What Is an Ion?

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Instructor
Adrianne Baron

Adrianne has a master's degree in cancer biology and has taught high school and college biology.

Expert Contributor
Matthew Bergstresser

Matthew has a Master of Arts degree in Physics Education. He has taught high school chemistry and physics for 14 years.

Learn what an ion is and how it forms. We will look at some common ions and get to know the terms for the two types of ions. Take the quiz at the end to see how well you understand the lesson. Updated: 05/28/2020

Definition of an Ion

Let's recap a few things you probably learned a long time ago. There are 3 subatomic particles that are found in the atoms of an element. They are the positively charged protons, negatively charged electrons, and neutrons, which have no charge. Elements normally have the same number of protons and electrons in each of its atoms. This being the case, the atoms of the elements are neutral, meaning that they don't have a net positive or negative charge.

There are some instances when an atom may have a positive or negative charge. When the atom has a charge, it is now known as an ion. Atoms will pick up or lose electrons, which creates this charge. Electrons move around to reach the goal of having a full outermost shell within the atom in order to be stable.

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  • 0:00 Definition of an Ion
  • 0:47 Formation and Types of Ions
  • 2:19 Examples of Ions
  • 4:14 Lesson Summary
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Formation and Types of Ions

The positively charged protons always remain the same in an atom. The negatively charged electrons, however, can move from one atom to another. Ions form when an atom loses or gains electrons. Let's look at this a different way for a minute. You are making a decision, and you are weighing out your pros and cons. The pros are positive, and the cons are negative. You are at a point in your list where you have the same number of pros as cons. This would be the same as how the atom normally occurs.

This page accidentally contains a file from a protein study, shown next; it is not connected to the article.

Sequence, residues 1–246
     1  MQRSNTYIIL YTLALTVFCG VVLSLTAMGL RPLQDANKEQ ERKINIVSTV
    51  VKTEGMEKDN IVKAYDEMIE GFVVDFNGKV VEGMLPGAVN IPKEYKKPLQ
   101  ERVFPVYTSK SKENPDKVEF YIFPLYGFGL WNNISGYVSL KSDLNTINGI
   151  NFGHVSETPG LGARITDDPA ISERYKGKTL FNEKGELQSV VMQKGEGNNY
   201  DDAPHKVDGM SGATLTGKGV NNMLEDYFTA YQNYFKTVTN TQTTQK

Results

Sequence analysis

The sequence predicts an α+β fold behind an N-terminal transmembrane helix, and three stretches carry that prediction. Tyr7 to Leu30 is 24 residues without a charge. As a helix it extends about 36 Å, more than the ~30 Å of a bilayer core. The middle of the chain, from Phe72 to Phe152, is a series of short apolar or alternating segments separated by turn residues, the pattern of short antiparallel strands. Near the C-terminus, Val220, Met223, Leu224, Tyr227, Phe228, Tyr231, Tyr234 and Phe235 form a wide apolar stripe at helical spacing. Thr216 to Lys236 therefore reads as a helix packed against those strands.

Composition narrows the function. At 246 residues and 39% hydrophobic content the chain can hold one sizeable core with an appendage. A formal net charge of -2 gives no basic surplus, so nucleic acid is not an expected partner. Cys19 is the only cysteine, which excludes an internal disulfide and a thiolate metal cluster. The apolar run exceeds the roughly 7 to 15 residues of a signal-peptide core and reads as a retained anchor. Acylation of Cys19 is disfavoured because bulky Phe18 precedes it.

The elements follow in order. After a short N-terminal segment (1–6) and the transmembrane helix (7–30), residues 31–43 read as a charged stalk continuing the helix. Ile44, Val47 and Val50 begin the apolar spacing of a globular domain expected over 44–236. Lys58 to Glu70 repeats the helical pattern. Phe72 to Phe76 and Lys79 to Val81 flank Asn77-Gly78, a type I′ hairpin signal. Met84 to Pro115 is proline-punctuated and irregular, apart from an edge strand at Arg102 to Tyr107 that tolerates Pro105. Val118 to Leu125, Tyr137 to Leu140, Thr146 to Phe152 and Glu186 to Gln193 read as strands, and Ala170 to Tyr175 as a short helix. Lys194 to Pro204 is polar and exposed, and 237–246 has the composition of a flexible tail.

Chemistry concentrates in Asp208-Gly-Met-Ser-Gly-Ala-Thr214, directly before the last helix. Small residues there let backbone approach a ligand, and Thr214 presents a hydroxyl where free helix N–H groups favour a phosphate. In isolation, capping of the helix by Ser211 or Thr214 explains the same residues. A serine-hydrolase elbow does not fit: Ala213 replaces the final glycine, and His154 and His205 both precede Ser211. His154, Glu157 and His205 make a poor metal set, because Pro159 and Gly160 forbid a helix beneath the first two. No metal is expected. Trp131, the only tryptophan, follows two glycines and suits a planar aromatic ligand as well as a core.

Suddenly, you think of another con to add to the list. Now you have 1 more con than you do pros. This makes the decision more negative than it is positive. This same thing happens when an atom gains an electron. It now has more negatively charged particles than it does positively charged particles. A negatively charged atom has now become an ion known as an anion.

After thinking about things even more, you realize that you already have a solution for the con you just added, so you erase it. You are back to being even on your decision. Then you see that another con has also been resolved so you erase it as well. Now you have 1 more pro than you do cons. At this point, the decision is more positive than it is negative. This is the same as the neutral atom losing a negatively charged electron. It now has more positively charged particles than negatively charged ones. A positively charged atom that has now become an ion is known as a cation.

Examples of Ions

There are several commonly occurring ions. Let's look at some common anions first. Hydrogen usually has 1 proton and 1 electron. It sometimes gains an electron so that it has 2 electrons and still just 1 proton. It is now an anion named hydride.

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Ions

Ions are charged atoms, meaning a neutral atom has lost or gained electrons giving the atom an electric charge. Gaining electrons makes the atom negatively charged, and losing electrons makes the atom positively charged. Positive ions are called cations, and negative ions are called anions. For example, lithium loses 1 electron to become Li+1. The +1 indicates the ion has a +1 charge. Nitrogen gains 3 electrons and becomes N-3. The reason atoms gain or lose electrons is to either complete an outer energy level or to lose an outer energy level. Losing an outer energy level is easier for atoms that have only 1, 2 or 3 electrons in an energy level that typically needs 8 electrons to be full.

There are also polyatomic ions that contain multiple atoms that are covalently bonded together. An example of a polyatomic ion is NH4 +1.

Practice Problems

Here are some more practice problems involving ions.

  1. Magnesium loses two electrons. What is its symbol?
  2. Oxygen gains two electrons. What is its symbol?
  3. Sodium loses one electron. What is its symbol?
  4. Carbonate is a polyatomic ion with a -2 charge. It has one carbon atom and three oxygen atoms. What is its formula?

Solutions

  1. Mg+2
  2. O-2
  3. Na+1
  4. CO3 -2

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